Chip (keeping it financially real, above) did it the hard way, starting a job at his local Sainsbury's after he'd started getting recognition, as he told the Guardian in 2009: "It was terrible, man, because my face was about already and people knew me. I was imagining myself in a Sainsbury's t-shirt having kids coming, like, 'Chipmunk, man, give us some more milk!'"
8. Save some lives
Here's a brilliant fact: David Lee Roth, super-showman lead singer with Van Halen is (or has been) a fully qualified paramedic in New York with, according to this interview with the Guardian, "over 200 911 calls on my ticket in the last six years alone".
Cindy Birdsong of The Supremes also turned to healing when her music career stalled, becoming a nurse at the UCLA Medical Center. And this career option could still be open to both Emeli Sandé and Jay Sean, as both of them studied medicine at university. Meanwhile, Terry Chimes is now more famous for being a licensed chiropractor who used to be the first drummer in The Clash than he was as the drummer in The Clash.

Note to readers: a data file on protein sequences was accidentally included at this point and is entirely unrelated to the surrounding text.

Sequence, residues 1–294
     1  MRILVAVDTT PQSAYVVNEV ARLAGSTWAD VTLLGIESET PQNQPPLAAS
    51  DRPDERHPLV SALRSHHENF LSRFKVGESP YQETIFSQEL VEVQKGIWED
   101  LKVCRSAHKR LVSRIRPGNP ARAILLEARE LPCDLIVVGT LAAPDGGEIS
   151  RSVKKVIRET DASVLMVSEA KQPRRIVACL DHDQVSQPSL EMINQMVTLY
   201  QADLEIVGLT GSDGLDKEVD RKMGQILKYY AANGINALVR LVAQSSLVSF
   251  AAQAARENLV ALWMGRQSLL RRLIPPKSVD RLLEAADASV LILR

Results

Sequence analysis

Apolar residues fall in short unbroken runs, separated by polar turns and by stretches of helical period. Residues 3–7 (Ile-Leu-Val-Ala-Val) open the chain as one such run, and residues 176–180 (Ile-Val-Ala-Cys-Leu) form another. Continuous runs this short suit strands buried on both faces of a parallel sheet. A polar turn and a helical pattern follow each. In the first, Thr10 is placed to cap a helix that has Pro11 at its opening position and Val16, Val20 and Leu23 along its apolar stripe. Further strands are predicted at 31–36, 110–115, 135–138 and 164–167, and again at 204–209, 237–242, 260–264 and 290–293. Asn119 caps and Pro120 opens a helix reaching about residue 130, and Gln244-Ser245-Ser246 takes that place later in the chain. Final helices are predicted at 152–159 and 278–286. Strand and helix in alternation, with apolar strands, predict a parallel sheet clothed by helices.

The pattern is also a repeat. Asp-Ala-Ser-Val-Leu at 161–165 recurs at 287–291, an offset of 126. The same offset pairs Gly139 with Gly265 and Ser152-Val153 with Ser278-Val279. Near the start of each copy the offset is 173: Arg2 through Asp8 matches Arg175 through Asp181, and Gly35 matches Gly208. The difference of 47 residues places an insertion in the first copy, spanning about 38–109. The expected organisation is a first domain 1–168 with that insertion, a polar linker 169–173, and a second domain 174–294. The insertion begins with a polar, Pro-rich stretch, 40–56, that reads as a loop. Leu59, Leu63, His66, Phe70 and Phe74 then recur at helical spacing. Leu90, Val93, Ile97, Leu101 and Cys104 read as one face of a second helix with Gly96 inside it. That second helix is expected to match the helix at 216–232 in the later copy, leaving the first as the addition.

Oh, and in case you're wondering about this clip from Never Mind the Buzzcocks, he was indeed number two.
9. Become a farmer
Ah, the rural idyll! Getting it together in the country (man) may have been an early-70s cliché, but many entertainers have indeed swapped Woodstock for livestock, as a way of getting their heads together away from showbusiness. Public Enemy's former DJ Terminator X is famously now an ostrich farmer (sadly, he doesn't sell "Terminator Eggs") and when R.E.M.'s drummer Bill Berry left the group to start his new country life, as if to underline a point, he bought a Georgia hay farm in a place that is actually called Farmington.